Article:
Adding Value, Capacity and Versatility to a Cottage Based Wool Processing Business

Project Overview

FNC01-335
Project Type: Farmer/Rancher
Funds awarded in 2001: $5,000.00
Projected End Date: 12/31/2002
Matching Non-Federal Funds: $55,990.00
Region: North Central
State: Missouri
Project Coordinator:

Annual Reports

Commodities

  • Animals: goats, rabbits, sheep

Practices

  • Education and Training: demonstration, display, farmer to farmer, networking, study circle
  • Farm Business Management: value added
  • Sustainable Communities: social networks

    Summary:

    PROJECT BACKGROUND
    ABC Ranch is located in Audrain County, Missouri, and we grow corn and soybean row crops, maintain a flock of 15 Merino and Rambouillet sheep, a herd of 40 angora rabbits and after dispersing our cattle operation two years ago we have converted two of our outbuildings for running the wool processing mill. I also teach felting classes here at the farm and around Missouri and Kansas.

    PROJECT DESCRITPION AND RESULTS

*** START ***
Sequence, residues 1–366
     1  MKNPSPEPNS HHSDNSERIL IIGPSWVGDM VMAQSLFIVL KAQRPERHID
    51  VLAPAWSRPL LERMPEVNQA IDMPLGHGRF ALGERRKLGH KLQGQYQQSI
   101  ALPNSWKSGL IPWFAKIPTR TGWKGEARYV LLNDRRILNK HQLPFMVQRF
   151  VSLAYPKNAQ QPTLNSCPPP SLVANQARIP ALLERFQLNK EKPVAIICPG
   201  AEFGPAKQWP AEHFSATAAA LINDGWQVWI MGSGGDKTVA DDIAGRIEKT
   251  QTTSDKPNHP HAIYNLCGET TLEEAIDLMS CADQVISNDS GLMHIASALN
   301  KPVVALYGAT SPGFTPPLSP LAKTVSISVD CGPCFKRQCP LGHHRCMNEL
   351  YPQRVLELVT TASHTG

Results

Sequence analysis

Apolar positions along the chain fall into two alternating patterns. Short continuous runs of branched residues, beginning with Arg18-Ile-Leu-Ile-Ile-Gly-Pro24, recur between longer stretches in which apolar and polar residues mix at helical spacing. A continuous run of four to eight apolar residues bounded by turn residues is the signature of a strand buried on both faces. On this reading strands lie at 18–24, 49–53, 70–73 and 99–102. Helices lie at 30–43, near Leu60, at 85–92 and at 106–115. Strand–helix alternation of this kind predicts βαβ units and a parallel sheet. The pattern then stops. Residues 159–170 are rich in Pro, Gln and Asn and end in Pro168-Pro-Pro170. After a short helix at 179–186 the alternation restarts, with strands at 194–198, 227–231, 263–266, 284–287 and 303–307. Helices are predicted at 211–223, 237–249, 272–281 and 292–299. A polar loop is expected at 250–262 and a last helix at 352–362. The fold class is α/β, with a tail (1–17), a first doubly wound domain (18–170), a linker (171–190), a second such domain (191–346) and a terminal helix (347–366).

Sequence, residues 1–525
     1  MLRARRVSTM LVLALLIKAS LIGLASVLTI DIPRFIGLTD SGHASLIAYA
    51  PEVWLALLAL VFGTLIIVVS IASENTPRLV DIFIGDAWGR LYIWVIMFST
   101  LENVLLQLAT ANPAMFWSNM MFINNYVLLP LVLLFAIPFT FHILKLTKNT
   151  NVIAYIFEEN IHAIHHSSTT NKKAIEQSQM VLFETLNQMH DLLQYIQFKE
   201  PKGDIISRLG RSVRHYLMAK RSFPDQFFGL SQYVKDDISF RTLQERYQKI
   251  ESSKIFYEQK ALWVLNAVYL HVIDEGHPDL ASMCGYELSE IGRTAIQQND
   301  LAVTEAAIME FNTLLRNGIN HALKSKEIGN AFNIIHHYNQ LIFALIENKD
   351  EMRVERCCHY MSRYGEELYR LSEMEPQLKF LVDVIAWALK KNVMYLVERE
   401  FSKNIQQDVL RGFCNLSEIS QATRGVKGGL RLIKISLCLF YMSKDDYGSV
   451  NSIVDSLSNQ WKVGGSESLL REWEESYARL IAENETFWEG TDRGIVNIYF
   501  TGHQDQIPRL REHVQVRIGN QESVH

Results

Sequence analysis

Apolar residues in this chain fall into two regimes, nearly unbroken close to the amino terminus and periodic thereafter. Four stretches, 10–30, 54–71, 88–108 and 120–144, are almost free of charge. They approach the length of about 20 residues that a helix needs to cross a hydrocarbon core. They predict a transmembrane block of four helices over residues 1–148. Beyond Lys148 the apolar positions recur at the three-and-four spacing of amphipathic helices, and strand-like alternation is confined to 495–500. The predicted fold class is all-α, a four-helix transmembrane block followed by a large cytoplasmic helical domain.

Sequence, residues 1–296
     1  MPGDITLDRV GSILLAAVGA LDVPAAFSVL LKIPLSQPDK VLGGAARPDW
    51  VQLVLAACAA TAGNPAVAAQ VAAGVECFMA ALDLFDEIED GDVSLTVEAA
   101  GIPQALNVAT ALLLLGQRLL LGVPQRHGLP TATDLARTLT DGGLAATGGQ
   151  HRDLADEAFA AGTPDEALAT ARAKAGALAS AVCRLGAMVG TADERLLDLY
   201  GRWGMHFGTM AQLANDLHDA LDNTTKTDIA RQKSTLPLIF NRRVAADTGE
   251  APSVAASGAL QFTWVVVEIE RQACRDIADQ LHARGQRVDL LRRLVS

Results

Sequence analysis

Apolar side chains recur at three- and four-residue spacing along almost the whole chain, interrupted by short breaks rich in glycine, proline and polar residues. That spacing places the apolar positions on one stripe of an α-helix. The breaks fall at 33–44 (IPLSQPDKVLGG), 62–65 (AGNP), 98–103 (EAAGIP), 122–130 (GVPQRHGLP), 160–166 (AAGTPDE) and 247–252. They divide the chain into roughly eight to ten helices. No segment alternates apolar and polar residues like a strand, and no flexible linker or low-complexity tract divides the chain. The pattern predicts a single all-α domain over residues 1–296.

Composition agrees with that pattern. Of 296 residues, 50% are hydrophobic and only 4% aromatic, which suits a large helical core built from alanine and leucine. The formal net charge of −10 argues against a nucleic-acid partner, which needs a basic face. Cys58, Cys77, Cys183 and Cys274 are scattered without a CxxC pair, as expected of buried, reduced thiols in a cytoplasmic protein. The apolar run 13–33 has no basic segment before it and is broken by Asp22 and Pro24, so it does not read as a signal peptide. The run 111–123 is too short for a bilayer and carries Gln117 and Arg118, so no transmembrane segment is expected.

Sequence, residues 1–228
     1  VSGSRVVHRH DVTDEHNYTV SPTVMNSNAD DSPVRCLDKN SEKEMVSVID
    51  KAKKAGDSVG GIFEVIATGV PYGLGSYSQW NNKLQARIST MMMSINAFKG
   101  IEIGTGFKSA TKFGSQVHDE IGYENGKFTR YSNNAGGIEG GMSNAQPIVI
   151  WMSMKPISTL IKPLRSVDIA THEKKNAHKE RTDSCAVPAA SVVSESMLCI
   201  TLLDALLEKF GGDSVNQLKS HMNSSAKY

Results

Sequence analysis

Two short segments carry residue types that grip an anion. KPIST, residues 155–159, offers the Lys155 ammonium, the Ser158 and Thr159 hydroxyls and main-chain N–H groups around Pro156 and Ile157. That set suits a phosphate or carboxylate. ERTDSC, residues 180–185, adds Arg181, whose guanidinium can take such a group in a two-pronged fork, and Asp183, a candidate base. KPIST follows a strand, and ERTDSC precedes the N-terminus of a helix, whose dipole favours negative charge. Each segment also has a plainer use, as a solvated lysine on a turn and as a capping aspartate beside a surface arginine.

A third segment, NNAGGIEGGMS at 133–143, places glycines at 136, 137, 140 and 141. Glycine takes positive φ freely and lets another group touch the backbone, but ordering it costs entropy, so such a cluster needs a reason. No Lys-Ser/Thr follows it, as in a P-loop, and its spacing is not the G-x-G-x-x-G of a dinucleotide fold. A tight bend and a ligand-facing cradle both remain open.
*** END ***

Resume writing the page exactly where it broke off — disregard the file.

Our goal was to establish a cottage industry custom processing mil that could supply small local producers, regardless of the fiber type they produced, with a marketable product at a reasonable cost and aid the individual who only wanted a single fleece done to their particular specifications without an extra charge for not having a minimum quantity. We have a single man grain farm operation and had recently sold the remainder of our cattle that left us with a couple of buildings we could utilize for the mill. Our flock of 20 sheep and 40 angora rabbits were giving us enough fiber for our own use and some animals to sell. I worked outside the home and an opportunity cam along to buy a used picker, carder and felting machine for $14,000. Using free family labor we closed in the two buildings for fiber washing, picking and carding for $11,935. The people we purchased the equipment from referred any new customers and repeat business to us. The carder needed some refurbishing and we hired a textile engineer to overhaul the machine. The first year was a lot of trial and error learning the equipment and setting up a workable sequence for handling each customer’s fiber. The equipment required a lot of hands on adjustment with any change of fiber type and put out a usable product – but not a product to brag about. We began to research carding companies and evaluating their end products and pricing. The bottom line was our carder was not capable of consistently producing a product we could be proud to return to our customers. We chose three companies we were happy with and visited them. They had done my fibers in the past and I was well pleased with the results. They were very helpful in explaining the process and showing us the equipment – which was all very large industrial type machinery. The last mill we visited was a cottage industry in Michigan I had found on the internet and we had emailed each other and discovered we had the same problems. They had hired the textile engineer who had gone through our carder previously and he had designed a new carder for them that they were about to test. We brought some fiber with us and ran it through with fabulous results. Carl and I came back to Missouri and discussed the machine, as it was a big investment; we went back to Michigan and ran over sixty pounds of various types of fiber through the prototype carder and every batch was wonderful. We decided to get a loan and purchase the machine. At that time we applied to the bank for a loan and for the SARE grant. The machine is operating beyond our expectations and we are now getting repeat customers and they are recommending us to their friends, we can take our product anywhere and stand behind what we sell. It is competitive with any similar product being sold in the US today. The carder we are now using outperforms both in quantity and quality any other cottage industry carder we have seen. Customers send back wonderful comments with their checks on the quality of the processed fibers we are sending out and the time savings is dramatic – we can do in one hour what used to take three hours.